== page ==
# Characterization of the family of simple groups PSL(2,q) by tensor multiplicity

Let $$G$$ be a finite group and $$(\chi_i)$$ its irreducible characters. Then $$\forall i,j,k, \exists!n_{i,j}^k \in \mathbb{N}_{\ge 0}$$ such that $$\chi_i \chi_j = \sum_k n_{i,j}^k \chi_k.$$

Let the tensor multiplicity of $$G$$ be $$m(G):= \max_{i,j,k} (n_{i,j}^k)$$; for ex. $$m(A_5) = 2$$ and $$m(A_6) = 3$$.

Theorem: Let $$q > 5$$ be a prime-power, then $$m(\mathrm{PSL}(2,q)) = \left\{ \begin{array}{ll} 2 & \text{ if } q \text{ even,} \\ 3 & \text{ if } q \text{ odd.} \end{array} \right.$$ proof: see (for example) the generic computation of $$(n_{i,j}^k)$$ for $$\mathrm{PSL}(2,q)$$ in my talk at 30:00. $$\square$$

This post is about the converse of above theorem.

Let $$G$$ be a non-abelian finite simple group with $$m(G) \le 3$$.
Question: Is it true that $$G \simeq \mathrm{PSL}(2,q)$$ for some prime-power $$q$$?

It was checked by GAP for $$|G|<10^7$$ (see Appendix).

Remark: The classification below suggests that the family $$(\mathrm{PSL}(2,q))$$ is the only one, among the usual infinite families of (non-abelian) finite simple groups, where the tensor multiplicity is bounded above. This would provide an other interesting characterization of this family.

Appendix

We improved our way to check as suggested by Mikko Korhonen in comment. Let $$G$$ be a finite group, $$d_+(G)$$ be the maximum among the degrees of complex irreducible characters of $$G$$, and $$\Sigma(G)$$ their sum. They are exactly $$27$$ non-abelian finite simple groups $$|G|<10^7$$ not isomorphic to some $$\mathrm{PSL(2,q)}$$. The classification below lists them ordered according to $$d_+^2(G)/\Sigma(G)$$, which is less than or equal to $$m(G)$$.

Computation

Each element of the list reads as $$d_+^2(G)/\Sigma(G)$$, its numerical approximation, $$G$$ and $$|G|$$.

gap> classification(10000000);
[ [ 256/63, 4.06349, PSU(3,3), 6048 ],
[ 1125/208, 5.40865, PSU(3,4), 62400 ],
[ 13/2, 6.5, PSL(3,3), 5616 ],
[ 18432/2107, 8.74798, PSU(3,7), 5663616 ],
[ 175/18, 9.72222, A7, 2520 ],
[ 2048/203, 10.0887, PSL(3,4), 20160 ],
[ 175/16, 10.9375, A8, 20160 ],
[ 279/25, 11.16, PSL(3,5), 372000 ],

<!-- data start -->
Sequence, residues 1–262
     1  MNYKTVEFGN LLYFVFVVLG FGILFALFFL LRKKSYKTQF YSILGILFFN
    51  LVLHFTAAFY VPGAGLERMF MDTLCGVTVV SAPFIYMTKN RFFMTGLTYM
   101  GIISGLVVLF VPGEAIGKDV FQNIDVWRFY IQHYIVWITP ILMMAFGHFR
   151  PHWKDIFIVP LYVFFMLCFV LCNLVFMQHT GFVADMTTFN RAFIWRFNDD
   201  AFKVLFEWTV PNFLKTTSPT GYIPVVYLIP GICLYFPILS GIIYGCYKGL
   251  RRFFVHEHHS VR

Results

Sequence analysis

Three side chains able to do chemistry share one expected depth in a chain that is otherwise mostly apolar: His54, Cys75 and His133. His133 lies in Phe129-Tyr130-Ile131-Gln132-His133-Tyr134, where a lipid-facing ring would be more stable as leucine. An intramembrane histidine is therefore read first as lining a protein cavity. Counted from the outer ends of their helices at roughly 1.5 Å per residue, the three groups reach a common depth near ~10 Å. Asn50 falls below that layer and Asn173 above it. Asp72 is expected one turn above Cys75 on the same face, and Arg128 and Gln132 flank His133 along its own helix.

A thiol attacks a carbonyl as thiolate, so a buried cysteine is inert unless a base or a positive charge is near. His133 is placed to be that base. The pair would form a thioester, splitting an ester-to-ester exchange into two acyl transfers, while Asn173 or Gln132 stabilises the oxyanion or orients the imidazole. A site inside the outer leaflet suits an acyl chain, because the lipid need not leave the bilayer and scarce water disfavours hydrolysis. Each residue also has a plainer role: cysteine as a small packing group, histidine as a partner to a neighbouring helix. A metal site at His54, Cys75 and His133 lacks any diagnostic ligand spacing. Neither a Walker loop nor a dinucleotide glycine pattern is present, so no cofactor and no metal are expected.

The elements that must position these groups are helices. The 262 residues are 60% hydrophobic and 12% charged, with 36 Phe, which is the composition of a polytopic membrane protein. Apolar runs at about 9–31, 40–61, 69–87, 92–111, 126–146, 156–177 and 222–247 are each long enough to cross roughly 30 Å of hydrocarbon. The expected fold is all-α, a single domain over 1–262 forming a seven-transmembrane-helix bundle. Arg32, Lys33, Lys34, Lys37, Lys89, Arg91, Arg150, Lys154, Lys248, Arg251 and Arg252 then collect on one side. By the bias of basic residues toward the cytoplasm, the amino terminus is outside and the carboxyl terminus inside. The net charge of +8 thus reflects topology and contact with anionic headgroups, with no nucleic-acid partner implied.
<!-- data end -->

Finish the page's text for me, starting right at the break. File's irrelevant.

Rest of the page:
[ 729/64, 11.3906, PSp(4,3), 25920 ],
[ 3025/218, 13.8761, M11, 7920 ],
[ 8281/484, 17.1095, Sz(8), 29120 ],
[ 10368/553, 18.7486, PSU(3,5), 126000 ],
[ 7225/271, 26.6605, PSp(4,4), 979200 ],
[ 321489/11210, 28.6788, PSU(3,8), 5515776 ],
[ 43681/1464, 29.8367, J_1, 175560 ],
[ 704/21, 33.5238, M12, 95040 ],
[ 23328/683, 34.1552, A9, 181440 ],
[ 5472/155, 35.3032, PSL(3,7), 1876896 ],
[ 28224/709, 39.8082, J_2, 604800 ],
[ 16384/319, 51.3605, PSp(6,2), 1451520 ],
[ 321489/5356, 60.0241, A10, 1814400 ],
[ 152100/2519, 60.3811, PSp(4,5), 4680000 ],
[ 21175/258, 82.0736, M22, 443520 ],
[ 173056/1875, 92.2965, G(2, 3), 4245696 ],
[ 20800/207, 100.483, PSL(4,3), 6065280 ],
[ 775/7, 110.714, PSL(5,2), 9999360 ],
[ 28672/227, 126.308, PSU(4,3), 3265920 ] ]


Below is the alternative classification suggested by Goeff Robinson in comment, considering $$d_+(G)/c(G)$$, with $$c(G)$$ the class number of $$G$$:

gap> classification2(10000000);
[ [ 16/7, 2.28571, PSU(3,3), 6048 ],
[ 13/4, 3.25, PSL(3,3), 5616 ],
[ 75/22, 3.40909, PSU(3,4), 62400 ],
[ 35/9, 3.88889, A7, 2520 ],
[ 81/20, 4.05, PSp(4,3), 25920 ],
[ 5, 5., A8, 20160 ],
[ 11/2, 5.5, M11, 7920 ],
[ 31/5, 6.2, PSL(3,5), 372000 ],
[ 32/5, 6.4, PSL(3,4), 20160 ],
[ 192/29, 6.62069, PSU(3,7), 5663616 ],
[ 91/11, 8.27273, Sz(8), 29120 ],
[ 72/7, 10.2857, PSU(3,5), 126000 ],
[ 176/15, 11.7333, M12, 95040 ],
[ 12, 12., A9, 181440 ],
[ 340/27, 12.5926, PSp(4,4), 979200 ],
[ 209/15, 13.9333, J_1, 175560 ],
[ 16, 16., J_2, 604800 ],
[ 256/15, 17.0667, PSp(6,2), 1451520 ],
[ 81/4, 20.25, PSU(3,8), 5515776 ],
[ 228/11, 20.7273, PSL(3,7), 1876896 ],
[ 390/17, 22.9412, PSp(4,5), 4680000 ],
[ 189/8, 23.625, A10, 1814400 ],
[ 385/12, 32.0833, M22, 443520 ],
[ 1040/29, 35.8621, PSL(4,3), 6065280 ],
[ 832/23, 36.1739, G(2, 3), 4245696 ],
[ 224/5, 44.8, PSU(4,3), 3265920 ],
[ 1240/27, 45.9259, PSL(5,2), 9999360 ] ]


Code

classification:=function(n)  #for Geoff way: classification2:=function(n)
local it,LL,g,A,L,l,dmax,S,c,cc;
it:=SimpleGroupsIterator(2520,n);; #2520=|A_7|
LL:=[];;
for g in it do
A:=StructureDescription(g);;
if Length(A)<6 or List([1..6],i->A[i])<>"PSL(2," then #PSL(2,q) excluded
L:=CharacterDegrees(g);;
l:=Length(L);;
dmax:=L[l][1];;
S:=Sum(L,i->i[1]*i[2]); #Goeff way: Sum(L,i->i[2]);
cc:=dmax^2/S;;
fi;
od;
Sort(LL);
return LL;
end;;


Recall that $$A_7$$ is the smallest non-abelian finite simple group not isomorphic to some $$\mathrm{PSL}(2,q)$$.